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This slides are prepared to introduce the public on the IT Technology which has gain a lot of attention by either small and big companies. It is not only gain attention but also being used by big companies such as Google, Twitter, Facebook and Amazon. The technology is called Free Software or also known as Open Source Software. The concept behind this technology is SHARING. Through sharing, This concept has been here nearly 40 years ago. Internet is one the examples that use this technology. The main concept is about FREEDOM.

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  1. 1. FREE, OPEN SOURCE SOFTWARE (FOSS) : Enabling Technology Through Freedom of Choice and Open Innovation Professor Dr R.Badlishah Ahmad Universiti Malaysia Perlis (UniMAP) February 2014
  2. 2. Introduction ● ● ● ● ● IT is advancing and changing at rapid pace because of Internet (TCP/IP) Access to Internet become necessity.. from fiber optic to 3G, 4G, WiMAX etc Everybody is getting connected and make themselves available and accessible anytime and anywhere This is achieved through advanced in software applications and technology use by Google, Twitter, Facebook etc.. What are the software technology behind this? 2 Of 70
  3. 3. Internet (Based on TCP/IP) 1965: Two computers at MIT Lincoln Lab communicate with one another using packet-switching technology 1968: Beranek and Newman, Inc. (BBN) unveils the final version of the Interface Message Processor (IMP) specifications. BBN wins ARPANET contract 1972: BBN’s Ray Tomlinson introduces network email. The Internetworking Working Group (INWG) forms to address need for establishing standard protocols 1973: Global networking becomes a reality as the University College of London (England) and Royal Radar Establishment (Norway) connect to ARPANET. The term Internet is born. 3 Of 70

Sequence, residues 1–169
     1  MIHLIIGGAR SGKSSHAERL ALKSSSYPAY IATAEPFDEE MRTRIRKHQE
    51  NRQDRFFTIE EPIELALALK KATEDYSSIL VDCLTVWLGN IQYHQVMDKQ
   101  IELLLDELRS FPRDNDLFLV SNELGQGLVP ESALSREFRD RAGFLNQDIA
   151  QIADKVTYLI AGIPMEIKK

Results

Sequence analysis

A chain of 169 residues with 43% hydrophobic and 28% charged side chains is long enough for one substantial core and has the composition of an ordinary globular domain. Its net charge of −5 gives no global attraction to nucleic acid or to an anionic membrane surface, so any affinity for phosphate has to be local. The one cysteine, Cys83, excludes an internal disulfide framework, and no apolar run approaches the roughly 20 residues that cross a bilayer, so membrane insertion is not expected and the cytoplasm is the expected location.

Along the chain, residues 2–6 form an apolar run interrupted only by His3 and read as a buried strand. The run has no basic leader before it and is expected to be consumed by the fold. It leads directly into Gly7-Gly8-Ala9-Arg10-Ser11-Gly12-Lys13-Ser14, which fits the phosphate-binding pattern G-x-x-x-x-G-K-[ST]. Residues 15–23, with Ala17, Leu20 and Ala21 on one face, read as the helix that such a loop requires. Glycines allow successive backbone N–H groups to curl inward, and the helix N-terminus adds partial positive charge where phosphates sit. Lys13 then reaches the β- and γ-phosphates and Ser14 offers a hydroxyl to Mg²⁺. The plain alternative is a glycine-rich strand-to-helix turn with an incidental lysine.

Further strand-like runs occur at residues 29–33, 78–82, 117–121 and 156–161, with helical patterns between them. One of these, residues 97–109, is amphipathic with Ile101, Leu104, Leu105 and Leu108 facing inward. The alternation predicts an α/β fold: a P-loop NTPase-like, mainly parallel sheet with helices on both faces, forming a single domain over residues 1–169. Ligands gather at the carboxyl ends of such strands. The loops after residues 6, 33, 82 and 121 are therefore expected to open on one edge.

4. 4. Internet (Based on TCP/IP) 1974: Vinton Cerf and Bob Kahn (Fathers of the Internet) publish "A Protocol for Packet Network Interconnection," which details the design of TCP 1982: TCP and IP, as the protocol suite, commonly known as TCP/IP, emerge as the protocol for ARPANET. (IPv4 to IPv6) 1987: The number of hosts on the Internet exceeds 20,000. Cisco ships its first router 1990: Tim Berners-Lee, develops HyperText Markup Language (HTML) 1991: World Wide Web is introduced to the public 4 Of 70
  5. 5. Transmission Medium ● coaxial cable, the first broadband transmission medium, invented by AT&T in 1929 for Ethernet (Local Area Network (LAN)): – – ● at 400MHz, Cable Loss 5.5dB/100ft at 20GHz, Loss ~ 100dB/100ft Data Rate of 10-100Mbs 5 Of 70
  6. 6. Transmission Medium ● Twisted Pair cabling: – ● Shielded Twisted Pair (STP) & Unshielded Twisted Pair (UTP) UTP: most popular network cable in data networks for short/medium length (up to 100 meters or 328 feet) BW ~ 1GHz – Loss ~20dB/100m at 100MHz – Data Rate of 40Gbs (50m) – 1 pair of cable – 100Gbs (15m) – 1 pair of cable – 1 Gigabit Ethernet (GE) – 250Mb/s per pair (there are 4 pairs) – 10GE? Heavier, difficult to maintain → Fibre is the best option 6 Of 70
  7. 7. Transmission Medium ● Fiber Optic – ● ● BW 1THz, Loss ~ 0.93dB/1km 26 Terabit/s in 1 Wavelength channel at 50km Explosive of mass data! -> Internet of Things (IoT) ** Fiber Optics is chosen NOT because of signal speed in compare to any copper based medium.. speed of electron and photon are similar!! * It is chosen because of BW and low loss. 7 Of 70
  8. 8. Internet Evolution (Video) 8 Of 70
  9. 9. Freedom of Choice, Open Innovation and Open Access: In terms of Content, Knowledge and Technology 9 Of 70
  10. 10. Examples of Open Content and Knowledge 10 Of 70
  11. 11. Education Gets IT & OPEN ● ● ● Massachusetts Institute of Technology is leading the way MIT Open Courseware (OCW) shares free lecture notes, exams, and other resources from more than 1,700 courses spanning MIT's entire curriculum 40 million visits from virtually every country on earth 11 Of 70
  12. 12. Education Gets IT & OPEN ● ● ● educational materials from its undergraduate- and graduate-level courses online, partly free and openly available to anyone, anywhere funded by the William and Flora Hewlett Foundation, the Andrew W. Mellon Foundation, and MIT October 2012, over 2180 courses were available online 12 Of 70